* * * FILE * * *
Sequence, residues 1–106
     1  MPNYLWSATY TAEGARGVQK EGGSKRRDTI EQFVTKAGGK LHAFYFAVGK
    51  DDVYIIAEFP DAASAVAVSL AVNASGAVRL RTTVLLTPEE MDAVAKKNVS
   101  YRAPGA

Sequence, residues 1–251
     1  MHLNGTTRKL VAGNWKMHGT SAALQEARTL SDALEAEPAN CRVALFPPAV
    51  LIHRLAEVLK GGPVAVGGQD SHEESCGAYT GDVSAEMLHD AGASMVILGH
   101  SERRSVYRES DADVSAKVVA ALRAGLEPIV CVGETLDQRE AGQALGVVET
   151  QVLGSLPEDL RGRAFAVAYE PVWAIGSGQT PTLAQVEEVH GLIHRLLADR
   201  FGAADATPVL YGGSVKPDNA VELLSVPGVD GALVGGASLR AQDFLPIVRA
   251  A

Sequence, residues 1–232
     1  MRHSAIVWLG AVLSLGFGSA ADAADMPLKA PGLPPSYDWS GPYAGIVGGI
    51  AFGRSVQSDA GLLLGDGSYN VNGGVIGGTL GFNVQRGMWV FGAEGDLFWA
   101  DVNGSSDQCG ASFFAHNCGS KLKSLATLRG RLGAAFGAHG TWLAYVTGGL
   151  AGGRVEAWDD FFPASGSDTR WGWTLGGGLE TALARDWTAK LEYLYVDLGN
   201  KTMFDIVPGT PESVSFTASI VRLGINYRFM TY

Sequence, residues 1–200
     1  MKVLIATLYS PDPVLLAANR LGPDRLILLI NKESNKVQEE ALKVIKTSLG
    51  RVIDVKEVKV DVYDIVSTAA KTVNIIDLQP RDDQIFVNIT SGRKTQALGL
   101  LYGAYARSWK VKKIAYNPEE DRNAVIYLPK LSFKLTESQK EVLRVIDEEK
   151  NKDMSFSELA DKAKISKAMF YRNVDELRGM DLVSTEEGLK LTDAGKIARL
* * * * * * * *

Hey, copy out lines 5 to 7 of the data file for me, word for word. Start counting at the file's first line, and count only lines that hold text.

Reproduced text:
Sequence, residues 1–251
     1  MHLNGTTRKL VAGNWKMHGT SAALQEARTL SDALEAEPAN CRVALFPPAV
    51  LIHRLAEVLK GGPVAVGGQD SHEESCGAYT GDVSAEMLHD AGASMVILGH